Not only is Lewis Hamilton likely to become a seven-time world champion, with Valtteri Bottas needing his Mercedes teammate to endure a disastrous race on Sunday to take the title battle to Bahrain later this month, but an announcement on Thursday morning represented F1’s biggest move yet in its drive for greater diversity.
The move earlier this month to split Formula Two and Formula Three was made in order to cut costs for the smaller teams within the paddock, but it also opened up the vacancy for a new feeder championship to be added in the shape of the all-female W Series. The sport has been vocal in its efforts to try and open all avenues into the sport that have so often been closed to people of certain race, gender or sexuality, but this is indisputable evidence that they are taking measures to change that.
"It is a really important moment for us to welcome W Series as partners for eight races,” said F1’s motorsport director Ross Brawn.
"We believe it is incredibly important to give everyone the chance to reach the highest levels of our sport and their partnership with Formula One next season shows our determination and commitment to showcase their exciting series and the importance of building greater diversity across the sport."
The W Series has its supporters and its critics, but it cannot be doubted that it will give those involved the chance to showcase their talents on the biggest stage. Who knows, if F1 is serious about leading that change, they could choose Saudi Arabia one of the eight venues that will host the championship to present exactly what women can achieve behind the wheel in a country where the legal right to do that was only passed two years ago.
It is not the only thing with its supporters and critics, as that can easily be applied to Hamilton himself. The 35-year-old is already a true great of the sport, with his 93 Grand Prix victories and counting setting the bar for the drivers of tomorrow to aim for. No one could have ever predicted that any driver would have what it takes to conquer Michael Schumacher’s all-time record, let alone one who the German actually competed against, but Hamilton has made a thing of breaking records of late.
On Sunday, he only needs to beat Mercedes teammate Bottas to guarantee a seventh world championship, which will put him on a par with Schumacher’s all-time tally and see the two sit parallel head and shoulders above the rest in terms of the winningest driver in F1 history.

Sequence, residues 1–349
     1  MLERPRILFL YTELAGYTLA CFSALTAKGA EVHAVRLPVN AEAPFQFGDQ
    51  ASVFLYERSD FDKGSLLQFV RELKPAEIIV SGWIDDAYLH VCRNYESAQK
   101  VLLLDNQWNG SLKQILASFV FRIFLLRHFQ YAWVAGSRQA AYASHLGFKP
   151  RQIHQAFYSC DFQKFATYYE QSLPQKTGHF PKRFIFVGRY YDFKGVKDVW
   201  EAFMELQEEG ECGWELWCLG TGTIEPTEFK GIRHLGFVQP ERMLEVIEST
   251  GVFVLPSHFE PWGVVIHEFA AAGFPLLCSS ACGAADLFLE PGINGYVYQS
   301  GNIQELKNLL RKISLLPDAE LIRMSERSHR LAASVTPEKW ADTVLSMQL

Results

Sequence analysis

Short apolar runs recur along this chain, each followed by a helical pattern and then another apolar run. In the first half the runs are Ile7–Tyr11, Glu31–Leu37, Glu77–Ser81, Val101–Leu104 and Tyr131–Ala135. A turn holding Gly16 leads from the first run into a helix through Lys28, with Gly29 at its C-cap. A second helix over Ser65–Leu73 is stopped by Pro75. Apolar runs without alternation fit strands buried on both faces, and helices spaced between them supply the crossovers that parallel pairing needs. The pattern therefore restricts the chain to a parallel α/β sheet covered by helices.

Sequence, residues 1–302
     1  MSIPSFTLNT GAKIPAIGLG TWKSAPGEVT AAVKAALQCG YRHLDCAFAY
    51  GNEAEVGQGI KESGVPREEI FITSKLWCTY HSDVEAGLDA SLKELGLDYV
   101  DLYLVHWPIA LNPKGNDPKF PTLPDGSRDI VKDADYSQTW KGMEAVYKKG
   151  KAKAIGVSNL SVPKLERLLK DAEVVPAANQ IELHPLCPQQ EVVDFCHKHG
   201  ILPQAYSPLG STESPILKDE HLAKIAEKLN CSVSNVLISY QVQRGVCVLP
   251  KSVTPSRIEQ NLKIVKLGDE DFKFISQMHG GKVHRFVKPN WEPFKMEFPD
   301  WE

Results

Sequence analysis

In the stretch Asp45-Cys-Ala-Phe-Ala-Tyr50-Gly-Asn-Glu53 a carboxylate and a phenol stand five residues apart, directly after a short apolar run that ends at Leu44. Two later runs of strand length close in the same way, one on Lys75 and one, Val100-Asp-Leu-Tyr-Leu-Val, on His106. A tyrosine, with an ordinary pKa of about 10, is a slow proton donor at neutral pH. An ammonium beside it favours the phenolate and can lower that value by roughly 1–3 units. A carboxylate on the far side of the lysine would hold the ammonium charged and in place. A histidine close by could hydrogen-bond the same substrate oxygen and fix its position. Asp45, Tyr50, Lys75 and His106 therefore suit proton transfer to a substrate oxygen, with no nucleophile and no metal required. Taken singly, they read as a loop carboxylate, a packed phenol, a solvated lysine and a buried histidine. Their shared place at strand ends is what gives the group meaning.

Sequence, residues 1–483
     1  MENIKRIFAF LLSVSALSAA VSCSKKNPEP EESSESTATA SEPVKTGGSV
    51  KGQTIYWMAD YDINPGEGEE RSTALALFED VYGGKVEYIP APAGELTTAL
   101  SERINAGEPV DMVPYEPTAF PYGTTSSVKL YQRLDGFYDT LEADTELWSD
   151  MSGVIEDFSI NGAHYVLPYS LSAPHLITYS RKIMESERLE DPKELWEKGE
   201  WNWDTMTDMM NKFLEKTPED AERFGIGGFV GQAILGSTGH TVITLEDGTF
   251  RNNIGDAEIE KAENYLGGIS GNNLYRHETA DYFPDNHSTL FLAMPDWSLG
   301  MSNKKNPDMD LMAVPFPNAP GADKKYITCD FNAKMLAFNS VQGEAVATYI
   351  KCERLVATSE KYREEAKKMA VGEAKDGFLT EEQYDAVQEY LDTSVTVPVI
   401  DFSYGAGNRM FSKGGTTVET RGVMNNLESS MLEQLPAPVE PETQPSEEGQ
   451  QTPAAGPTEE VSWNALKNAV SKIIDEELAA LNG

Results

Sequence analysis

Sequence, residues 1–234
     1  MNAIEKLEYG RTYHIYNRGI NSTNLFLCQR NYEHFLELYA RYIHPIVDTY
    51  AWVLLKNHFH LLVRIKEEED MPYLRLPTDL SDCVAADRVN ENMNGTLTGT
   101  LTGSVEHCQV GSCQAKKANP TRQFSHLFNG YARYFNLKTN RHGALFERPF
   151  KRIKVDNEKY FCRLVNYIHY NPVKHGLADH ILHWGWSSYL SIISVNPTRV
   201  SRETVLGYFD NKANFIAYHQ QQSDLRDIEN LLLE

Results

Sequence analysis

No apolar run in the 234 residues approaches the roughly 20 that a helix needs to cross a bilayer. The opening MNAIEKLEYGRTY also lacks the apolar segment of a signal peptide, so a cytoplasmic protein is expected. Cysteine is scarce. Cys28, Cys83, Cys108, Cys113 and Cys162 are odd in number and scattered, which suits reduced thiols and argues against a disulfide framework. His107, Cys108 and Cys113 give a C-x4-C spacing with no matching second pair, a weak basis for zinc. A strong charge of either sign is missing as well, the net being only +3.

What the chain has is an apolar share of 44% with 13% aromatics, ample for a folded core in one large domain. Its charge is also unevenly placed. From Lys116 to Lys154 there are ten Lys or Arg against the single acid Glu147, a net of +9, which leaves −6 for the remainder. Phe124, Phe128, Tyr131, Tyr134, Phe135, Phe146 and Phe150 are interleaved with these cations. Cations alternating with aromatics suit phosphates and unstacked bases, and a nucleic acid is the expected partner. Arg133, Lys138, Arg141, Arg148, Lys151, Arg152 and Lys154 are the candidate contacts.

The smart money would be on Hamilton to not only achieve that this weekend, but by doing so as he does best: by winning. He is bidding for his 10th victory of the season and, more intriguingly, a fourth in a row at a track unfamiliar to the Class of 2020. Nurburgring, Portimao and Imola were all new additions to the calendar due to the coronavirus pandemic for this season only, although one of those could come to fill the void left by Vietnam’s departure next year with the fourth round to be confirmed following this week’s calendar announcement.
But on each occasion, it was Hamilton who rose to the top. With track knowledge limited and previous experience non-existent, the potential for the unexpected to happen increases significantly, yet it was the class of Hamilton that rose to the top to take what is almost an unassailable lead in the drivers’ championship.
Just like the Nurburgring, Hamilton is one of few drivers to have raced in F1 on the Istanbul Park circuit, having won there in 2010 and competed alongside Sebastian Vettel and Kimi Raikkonen the following year in what proved to be the final Turkish Grand Prix until this weekend’s return. That past knowledge, combined with his run of form, should be more than enough to give him an edge over his only real rival this season, and even if Bottas finds a way to emerge triumphant, he has to record the fastest lap to guarantee Hamilton does not end the day in celebration mode.
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